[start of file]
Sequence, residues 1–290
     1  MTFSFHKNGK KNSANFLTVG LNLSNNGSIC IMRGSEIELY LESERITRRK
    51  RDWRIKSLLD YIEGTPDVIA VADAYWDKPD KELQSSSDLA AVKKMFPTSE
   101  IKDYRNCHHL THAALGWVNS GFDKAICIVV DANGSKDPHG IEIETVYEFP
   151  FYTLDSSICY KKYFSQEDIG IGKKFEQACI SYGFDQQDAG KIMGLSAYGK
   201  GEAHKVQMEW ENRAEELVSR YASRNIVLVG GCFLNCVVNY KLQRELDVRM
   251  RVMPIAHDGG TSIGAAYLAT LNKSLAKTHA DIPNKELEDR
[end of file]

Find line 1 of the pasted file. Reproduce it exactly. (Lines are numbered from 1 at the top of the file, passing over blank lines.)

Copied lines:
Sequence, residues 1–290